While the MTV show is filled with twists and turns that make for great viewing (like how one victim thought they’d been chatting with Katy Perry for years), my blip of an experience felt like an episode full of those same twists and turns, but all in my head and at lightening speed. I was still dizzy from the whiplash of it all. Naturally, there was really only one person I could turn to: the guy who basically invented the term in the first place and Catfish host, Nev Schulman.
“To a certain extent, the endless swiping can pull us away from each other and make us skip over potential ‘perfect matches.’ Through online dating, we’re conditioned to first judge someone on their appearance rather than what’s inside,” Schulman told me when I asked what he thought about the current state of dating apps. “At the same time, in the past two years or so we’ve seen it really bring people together. The pandemic kept all of us out of the public, trapped inside our homes, and online dating was a way for people to continue to get to know one another. I think online dating has opened up the number of people we come into contact with and introduced us to more people than just the ones you hang around with socially or at work.” Hmm, more people like “Adam”?
While Schulman remains more optimistic than I currently do about online dating, he didn’t shy away from highlighting the darker underbelly of it—after all, with eight seasons already under his belt, it doesn’t look like catfishing is slowing down anytime soon: “From my background with Catfish, I know that romance scams are still a big part of everyday life for many people. Even after ten years of filming the show, people continue to deal with being scammed when it comes to romantic relationships. The media is filled with many examples where someone can try and use different tactics to build trust so that you easily miss some obvious red flags,” shares Schulman. One of the biggest red flags, he explains, is when catfish instill a sense of urgency. “Romance scammers will often ‘love-bomb’ you with affection and then wait for the perfect moment to fabricate an urgent situation requiring money that pulls at your heartstrings. As technology advances and online dating continues to be the main way people first meet one another, it's more important than ever for people to take a step back and evaluate why someone is pressuring you to give them something, especially money.”
So, to make sure no one faced “Adam” or his scammy tactics, I filed a complaint with Hinge. Of course, I only got a generic response reading: “We're sorry you went through this. We'll be looking into it.” As for what the industry is doing on a larger scale to protect users, there’s not much movement. While I’ve heard that popular apps like Tinder are finally doing background checks, I have a feeling it’s more about a short-term PR play to combat bad press following the popular Netflix documentary Tinder Swindler, than really about protecting people from romance scams. So yeah, I’m still not sold on online dating.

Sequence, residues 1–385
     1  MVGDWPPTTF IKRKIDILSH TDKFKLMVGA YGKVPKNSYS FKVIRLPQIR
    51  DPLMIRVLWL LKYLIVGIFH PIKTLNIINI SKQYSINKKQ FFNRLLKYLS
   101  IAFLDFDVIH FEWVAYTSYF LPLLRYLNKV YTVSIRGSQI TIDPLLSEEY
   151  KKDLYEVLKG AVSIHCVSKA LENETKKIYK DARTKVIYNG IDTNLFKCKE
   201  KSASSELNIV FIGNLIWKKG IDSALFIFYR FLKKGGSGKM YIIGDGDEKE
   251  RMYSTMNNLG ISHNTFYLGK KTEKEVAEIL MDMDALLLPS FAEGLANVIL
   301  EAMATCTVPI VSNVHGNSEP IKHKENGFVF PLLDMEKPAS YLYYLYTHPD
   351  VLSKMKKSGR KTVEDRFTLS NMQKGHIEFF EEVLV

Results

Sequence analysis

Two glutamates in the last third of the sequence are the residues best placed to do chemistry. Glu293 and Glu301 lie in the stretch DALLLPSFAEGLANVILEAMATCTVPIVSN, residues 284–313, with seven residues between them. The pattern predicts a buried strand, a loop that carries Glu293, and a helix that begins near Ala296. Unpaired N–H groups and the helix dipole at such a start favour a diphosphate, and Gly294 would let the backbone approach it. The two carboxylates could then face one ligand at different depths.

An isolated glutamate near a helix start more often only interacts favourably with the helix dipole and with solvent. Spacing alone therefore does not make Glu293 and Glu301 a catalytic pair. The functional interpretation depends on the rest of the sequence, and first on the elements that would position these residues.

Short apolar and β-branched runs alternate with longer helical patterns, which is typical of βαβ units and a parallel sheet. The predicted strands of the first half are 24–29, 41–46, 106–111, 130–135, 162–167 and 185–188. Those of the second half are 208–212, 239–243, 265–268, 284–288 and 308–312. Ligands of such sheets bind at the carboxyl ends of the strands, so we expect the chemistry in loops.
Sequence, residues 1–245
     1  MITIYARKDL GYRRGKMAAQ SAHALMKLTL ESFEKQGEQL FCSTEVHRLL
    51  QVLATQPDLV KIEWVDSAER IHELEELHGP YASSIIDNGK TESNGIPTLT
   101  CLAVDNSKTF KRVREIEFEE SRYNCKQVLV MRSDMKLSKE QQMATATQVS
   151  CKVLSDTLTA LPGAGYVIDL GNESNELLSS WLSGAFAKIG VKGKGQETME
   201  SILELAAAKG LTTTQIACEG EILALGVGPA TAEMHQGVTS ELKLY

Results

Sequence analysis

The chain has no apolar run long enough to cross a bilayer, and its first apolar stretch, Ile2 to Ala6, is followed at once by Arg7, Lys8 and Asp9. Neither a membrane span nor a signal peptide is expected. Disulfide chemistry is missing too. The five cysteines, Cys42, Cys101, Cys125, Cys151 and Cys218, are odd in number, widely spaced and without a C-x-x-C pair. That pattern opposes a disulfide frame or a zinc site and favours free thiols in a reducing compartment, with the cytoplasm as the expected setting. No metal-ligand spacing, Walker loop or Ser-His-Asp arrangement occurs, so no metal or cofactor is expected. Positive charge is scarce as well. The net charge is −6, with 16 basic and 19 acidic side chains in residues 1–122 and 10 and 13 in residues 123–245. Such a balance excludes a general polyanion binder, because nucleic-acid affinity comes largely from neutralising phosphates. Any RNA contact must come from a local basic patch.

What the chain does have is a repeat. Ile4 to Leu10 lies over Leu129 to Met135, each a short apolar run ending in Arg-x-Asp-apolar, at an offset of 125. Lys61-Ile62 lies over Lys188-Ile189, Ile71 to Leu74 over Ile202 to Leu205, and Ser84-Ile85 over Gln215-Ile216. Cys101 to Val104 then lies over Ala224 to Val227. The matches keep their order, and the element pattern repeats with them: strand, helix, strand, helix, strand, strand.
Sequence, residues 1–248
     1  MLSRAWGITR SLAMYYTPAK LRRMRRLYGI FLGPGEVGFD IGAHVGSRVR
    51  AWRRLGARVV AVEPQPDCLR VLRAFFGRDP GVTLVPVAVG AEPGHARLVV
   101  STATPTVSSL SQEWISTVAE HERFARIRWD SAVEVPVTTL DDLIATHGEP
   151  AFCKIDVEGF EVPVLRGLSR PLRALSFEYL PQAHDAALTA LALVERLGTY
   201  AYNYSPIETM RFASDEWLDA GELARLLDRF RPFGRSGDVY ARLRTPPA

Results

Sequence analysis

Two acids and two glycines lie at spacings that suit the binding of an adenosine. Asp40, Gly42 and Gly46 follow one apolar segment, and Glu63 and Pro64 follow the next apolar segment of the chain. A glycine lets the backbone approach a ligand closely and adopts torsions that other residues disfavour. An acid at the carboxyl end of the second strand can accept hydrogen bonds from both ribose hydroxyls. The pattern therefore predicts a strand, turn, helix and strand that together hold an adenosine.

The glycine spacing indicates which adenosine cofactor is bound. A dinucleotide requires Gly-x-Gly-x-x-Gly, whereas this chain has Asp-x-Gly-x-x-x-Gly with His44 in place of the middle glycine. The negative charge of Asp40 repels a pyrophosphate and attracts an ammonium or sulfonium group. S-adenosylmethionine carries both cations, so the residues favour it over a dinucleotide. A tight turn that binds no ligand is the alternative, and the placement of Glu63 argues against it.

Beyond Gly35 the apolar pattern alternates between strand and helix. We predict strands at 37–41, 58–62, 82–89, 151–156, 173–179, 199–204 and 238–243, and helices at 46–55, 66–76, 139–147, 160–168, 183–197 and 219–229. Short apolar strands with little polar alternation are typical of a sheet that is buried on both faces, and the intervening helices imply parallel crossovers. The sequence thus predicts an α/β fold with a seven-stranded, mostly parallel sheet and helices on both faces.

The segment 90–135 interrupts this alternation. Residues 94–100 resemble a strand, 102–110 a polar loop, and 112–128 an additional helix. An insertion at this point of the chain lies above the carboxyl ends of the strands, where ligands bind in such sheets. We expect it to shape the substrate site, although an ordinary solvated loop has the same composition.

The worst part though? I didn’t get my redemption. In the show, Catfish victims ultimately get to face their perpetrators and ask them about their true motivations. There's real catharsis, where victims tell their catfish how it affected them. In my case, I never got that face-to-face moment to ask “why?” I’ll never get the chance to understand what motivated “Adam” to humiliate me. There was no closure, and lots of painful feelings remain.
So, I asked Schulman if he had any tips for overcoming being catfished. “There is a certain level of shock that comes with being catfished, and once you find out it can send you into a spiral. I always tell people to slow down and give themselves time to fully process the situation before jumping into something else,” Schulman advises. “Talk to your friends and family. Don’t hold in your emotions about the situation, confide in those you know and trust because it will help you deal with the pain.”
But I think the tip that really resonated with me the most is not letting this experience tarnish finding a connection with someone even if I’m not ready for online dating right now. “Don’t blame yourself,” he kindly told me. “It’s OK to mourn the relationship you thought you had, but don’t blame yourself for not seeing the red flags. When you’re in the moment, it’s sometimes not until afterward that you realize,” he adds.
It might be time to step out of my comfort zone and try some traditional IRL meet-ups. After all, I hear there’s plenty of fish in the sea, but I’m really hoping catfish isn’t on the menu.